Now that Sen. Ted Cruz has made the big announcement that he plans to run in the Republican presidential primary, it’s time to start sizing him up as a candidate. While Cruz holds strong stances on many of the big issues, perhaps one of the most controversial is Cruz's stance on LGBT rights and same-sex marriage. As the rest of America finally moves toward embracing the LGBT community and rallies around the legalization of same-sex marriage, Cruz remains staunchly in opposition.
His opposition reaches far past ambivalence or an undecided stance on the issue, too. In 2014 when courts overturned same-sex marriage bans, Cruz decried the ruling calling the decision “judicial activism at its worst” and “tragic and indefensible,” ThinkProgress reports. Cruz released this statement in an October 2014 press release:
Traditional marriage is an institution whose integrity and vitality are critical to the health of any society. We should remain faithful to our moral heritage and never hesitate to defend it.
Moreover, Cruz has led legislation in both Texas and against the federal government to prevent the law from recognizing same-sex marriage. In February the Texas senator re-introduced the State Marriage Defense Act, which would disallow the federal government for overriding state definitions of marriage. The Human Rights Campaign reports that Cruz has even gone so far as to claim he’ll introduce a constitutional amendment that would prevent nationwide marriage equality. Just three years ago, in 2012, Cruz made this comment about homosexuality:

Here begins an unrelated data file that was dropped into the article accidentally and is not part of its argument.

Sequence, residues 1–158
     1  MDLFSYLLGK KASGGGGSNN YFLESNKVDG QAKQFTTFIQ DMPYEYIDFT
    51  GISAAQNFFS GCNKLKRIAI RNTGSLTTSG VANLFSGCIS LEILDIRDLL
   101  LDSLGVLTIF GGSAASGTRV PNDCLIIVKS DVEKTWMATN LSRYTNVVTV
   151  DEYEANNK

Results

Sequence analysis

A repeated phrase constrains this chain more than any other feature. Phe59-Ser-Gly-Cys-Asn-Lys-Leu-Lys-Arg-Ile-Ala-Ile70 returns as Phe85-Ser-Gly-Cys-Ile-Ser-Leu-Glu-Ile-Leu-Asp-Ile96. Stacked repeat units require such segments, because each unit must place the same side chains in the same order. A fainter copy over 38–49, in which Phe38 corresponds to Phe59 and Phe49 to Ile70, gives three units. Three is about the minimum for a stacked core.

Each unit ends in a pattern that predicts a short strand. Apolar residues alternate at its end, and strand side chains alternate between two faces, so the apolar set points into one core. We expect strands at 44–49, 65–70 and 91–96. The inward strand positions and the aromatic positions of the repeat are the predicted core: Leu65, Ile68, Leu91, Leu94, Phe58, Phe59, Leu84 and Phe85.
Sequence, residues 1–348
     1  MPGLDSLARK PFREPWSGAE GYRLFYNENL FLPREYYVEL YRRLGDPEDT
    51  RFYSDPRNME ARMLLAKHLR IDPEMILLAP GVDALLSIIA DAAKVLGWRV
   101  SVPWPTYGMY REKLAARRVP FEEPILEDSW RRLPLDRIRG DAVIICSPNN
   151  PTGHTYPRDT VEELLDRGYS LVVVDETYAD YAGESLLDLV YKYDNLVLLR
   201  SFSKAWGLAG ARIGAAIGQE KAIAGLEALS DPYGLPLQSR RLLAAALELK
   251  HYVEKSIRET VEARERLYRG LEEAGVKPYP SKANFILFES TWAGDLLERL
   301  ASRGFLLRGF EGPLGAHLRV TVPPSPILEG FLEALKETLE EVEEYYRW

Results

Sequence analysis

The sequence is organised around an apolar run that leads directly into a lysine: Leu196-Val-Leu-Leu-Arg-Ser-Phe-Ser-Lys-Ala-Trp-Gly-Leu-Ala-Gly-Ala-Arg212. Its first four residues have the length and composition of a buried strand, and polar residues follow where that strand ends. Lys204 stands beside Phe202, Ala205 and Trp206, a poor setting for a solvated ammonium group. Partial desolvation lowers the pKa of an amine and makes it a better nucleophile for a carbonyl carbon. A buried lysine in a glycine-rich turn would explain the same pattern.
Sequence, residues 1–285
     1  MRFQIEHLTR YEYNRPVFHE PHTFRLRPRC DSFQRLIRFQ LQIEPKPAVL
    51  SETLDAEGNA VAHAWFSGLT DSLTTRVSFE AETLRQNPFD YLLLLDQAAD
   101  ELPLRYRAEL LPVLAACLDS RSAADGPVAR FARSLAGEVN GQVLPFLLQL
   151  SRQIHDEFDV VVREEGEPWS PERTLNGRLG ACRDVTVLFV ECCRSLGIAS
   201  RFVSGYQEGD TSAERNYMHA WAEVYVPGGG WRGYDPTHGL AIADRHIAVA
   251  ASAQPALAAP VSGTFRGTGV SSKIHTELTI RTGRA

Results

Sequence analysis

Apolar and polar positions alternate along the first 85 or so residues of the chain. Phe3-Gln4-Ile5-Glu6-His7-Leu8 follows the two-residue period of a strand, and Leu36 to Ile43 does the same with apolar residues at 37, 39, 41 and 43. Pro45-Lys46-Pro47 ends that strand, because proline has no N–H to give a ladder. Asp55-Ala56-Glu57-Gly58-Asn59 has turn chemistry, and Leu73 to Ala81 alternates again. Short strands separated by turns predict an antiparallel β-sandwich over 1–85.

I believe that engaging in homosexual conduct is a choice.
While Cruz’s sentiments may resonate with the Tea Party Republicans that have propelled him from an underdog to a presidential primary candidate in his short three years in the Senate, that stance will likely turn off a large portion of Americans. A recent poll by Democratic polling firm Greenberg Quinlan Rosner Research revealed that 60 percent of likely voters in the presidential election support gay marriage. Only 37 percent are against same-sex marriage.
Although opponents of same-sex marriage like Cruz feel strongly about the issue, Politico reports that the three-fourths of opponents that feel strongly lags far behind the 43 percent that feel strongly about their support for marriage rights. So while Cruz may win strong niche support, his views — at least on this issue — will likely be too contentious for him to garner widespread support.
Sorry, Ted. Looks like progress might win this battle.
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